Food producers, grocers jumping on 'free from' bandwagon
Specialized food is a growing, multi-billion industry, with entrepreneurs eager to get in on it
Expect to see a lot more Canadian-made healthy products on your grocery store shelves in 2018.
Local entrepreneurs from coast to coast are working to cash in on the latest food craze: products that are "free from" various ingredients.
"How many people do you know that don't eat carbs, don't eat dairy, don't eat this, don't eat that?" asks consultant Dana McCauley, who works with Food Starter, a Toronto facility that helps small companies get established.
"It's a real diet trend to have an exclusion of a food group or a type of food."
Dairy-free milk, made with almonds
The trend was front and centre at the official opening of Food Starter, where the current crop of entrepreneurs were on hand to dish up their wares to visitors. On offer:
- Organic ice tea that's free from caffeine.
- Popsicles that are free from added sugar.
- Peanut butter that's free from dairy.
- Chips for salsa that are free from gluten.
- Even "milk" that's free from dairy — it's made with almonds.
One vendor rhymed off an almost comically long list of what her vegan burgers are free from, including trans fat, cholesterol, wheat, soy, eggs, and dairy. Are they also free from flavour?
"They're delicious," she insisted, "full of gorgeous dark green vegetables."
The "free from" movement, as it's known, is being called the biggest food trend of 2017. One market research firm forecasts the category will be worth $28.8 billion US ($37.1 billion Cdn) globally by 2023.
"It was very popular in the U.K. six or seven years ago. And then here in Canada it took a bit of time to bubble up," explains McCauley.
Improved energy, 'mental clarity'
Although some consumers choose to avoid certain foods due to allergies or other medical conditions, a growing number are opting to exclude specific foods simply because they believe it will improve their health.
- Food allergy sufferers fed up with fakers in restaurants
- Separating fact from fiction with gluten-free
Erin Magilton and her husband Mike Morneau of Oakville, Ont., recently decided to cut wheat, dairy and sugar from their diet. And it's not because they have allergies, food sensitivities, or are trying to lose weight. Their goal? To feel better.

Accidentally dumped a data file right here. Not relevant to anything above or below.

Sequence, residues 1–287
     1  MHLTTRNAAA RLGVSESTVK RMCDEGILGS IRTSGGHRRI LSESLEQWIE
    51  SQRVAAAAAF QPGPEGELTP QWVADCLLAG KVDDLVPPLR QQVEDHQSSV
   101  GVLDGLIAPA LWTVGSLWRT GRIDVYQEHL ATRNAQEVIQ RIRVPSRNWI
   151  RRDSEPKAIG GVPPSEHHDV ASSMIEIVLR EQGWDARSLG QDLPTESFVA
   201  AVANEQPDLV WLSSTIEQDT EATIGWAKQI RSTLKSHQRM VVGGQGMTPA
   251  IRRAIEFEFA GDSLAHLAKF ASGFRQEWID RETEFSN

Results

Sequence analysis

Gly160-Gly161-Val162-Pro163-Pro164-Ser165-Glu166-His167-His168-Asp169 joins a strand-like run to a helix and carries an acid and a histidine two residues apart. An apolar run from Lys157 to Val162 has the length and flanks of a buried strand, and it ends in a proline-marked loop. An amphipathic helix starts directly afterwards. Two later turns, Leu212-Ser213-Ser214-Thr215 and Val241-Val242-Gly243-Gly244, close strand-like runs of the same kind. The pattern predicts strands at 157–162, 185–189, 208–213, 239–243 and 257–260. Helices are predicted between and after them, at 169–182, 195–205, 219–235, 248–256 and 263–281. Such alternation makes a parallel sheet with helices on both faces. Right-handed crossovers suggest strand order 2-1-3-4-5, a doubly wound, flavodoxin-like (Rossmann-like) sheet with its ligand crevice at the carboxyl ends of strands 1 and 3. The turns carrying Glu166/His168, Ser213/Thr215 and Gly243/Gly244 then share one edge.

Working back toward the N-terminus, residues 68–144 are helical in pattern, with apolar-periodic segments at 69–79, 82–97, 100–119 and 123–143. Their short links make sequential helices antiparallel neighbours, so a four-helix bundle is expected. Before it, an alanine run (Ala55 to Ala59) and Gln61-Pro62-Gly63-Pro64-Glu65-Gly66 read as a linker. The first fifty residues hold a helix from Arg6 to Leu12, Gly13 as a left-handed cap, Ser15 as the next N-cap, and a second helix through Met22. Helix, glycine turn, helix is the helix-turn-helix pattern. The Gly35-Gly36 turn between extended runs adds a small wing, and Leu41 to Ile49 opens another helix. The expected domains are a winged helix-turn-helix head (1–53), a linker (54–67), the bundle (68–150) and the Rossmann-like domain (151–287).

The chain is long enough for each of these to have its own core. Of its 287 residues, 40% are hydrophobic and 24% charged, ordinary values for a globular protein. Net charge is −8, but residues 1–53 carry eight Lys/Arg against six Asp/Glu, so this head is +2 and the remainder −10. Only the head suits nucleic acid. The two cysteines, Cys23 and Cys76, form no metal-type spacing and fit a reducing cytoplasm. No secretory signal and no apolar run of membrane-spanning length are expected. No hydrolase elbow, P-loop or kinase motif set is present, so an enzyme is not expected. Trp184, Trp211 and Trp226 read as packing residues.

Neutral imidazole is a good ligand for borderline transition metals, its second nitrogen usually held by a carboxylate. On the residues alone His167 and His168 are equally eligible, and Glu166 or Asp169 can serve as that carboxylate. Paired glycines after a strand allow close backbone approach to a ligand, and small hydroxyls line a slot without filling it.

"It's really around that level of energy, that level of mental clarity we have when we eat clean," Magilton explains, while shopping at the Whole Foods Market near her home. "It sounds a bit esoteric, but it's about that feeling of lightness you get."
It wasn't long ago that so-called health food fanatics had to visit specialty food stores to find the type of products they wanted. Nowadays, regular grocery stores are jumping on board the trend — some have an entire aisle devoted to natural products.
Ketchup and gummy bears
At Sobeys corporate office in Mississauga, Ont., Nitin Khosla manages the company's natural food category, a category that's been around for at least 10 years.
"What's new is what's coming from our supplier partners," he says. "They're evolving the category from what it was 10 years ago. Our suppliers are innovating a lot more products."
Khosla attends trade shows and industry events regularly, on the hunt for free-from products he thinks will sell. "I'm looking for new products all the time. This category is growing, it's emerging," he says.
He recently discovered a ketchup that's free from refined sugar. The startup behind the brand is Good Food for Good — company founder Richa Gupta says her ketchup is sweetened with dates, which she says makes it healthier.
"A tablespoon of regular ketchup has the same amount of sugar as three gummy bears," she says. "When I did that math, I said to myself this is astounding."
What's in packaged, prepared foods
Good Food for Good ketchup contains one gram of sugar per tablespoon — the leading brand in Canada contains four grams per tablespoon.
Gupta has an eight-year-old daughter, but it wasn't her own child that inspired her innovation. "I have a line of cooking sauces that are fresh and organic and sweetened with dates, and one of my regular customers came to me and asked me to do something with ketchup, because her daughter ate everything with ketchup."
In addition to the large order from Sobeys, she also expects an order from Loblaw in the new year. The trend has become mainstream.
Dana McCauley at Food Starter attributes the surging popularity of "free from" foods, in part, to a growing concern on the part of consumers about the number of packaged, processed or even pre-made meals they buy for weeknight dinners.
Market research firm NPD says 75 per cent of meals prepared in Canadian households are made in 15 minutes or less. McCauley says these days, a lot of people only cook homemade meals from scratch on weekends, when there's time.
"Consumers are starting to say, 'if I'm eating all this packaged stuff, what's it doing to my body and my children's bodies?'"
Ambitious and creative entrepreneurs are eager to satisfy this new and growing craving.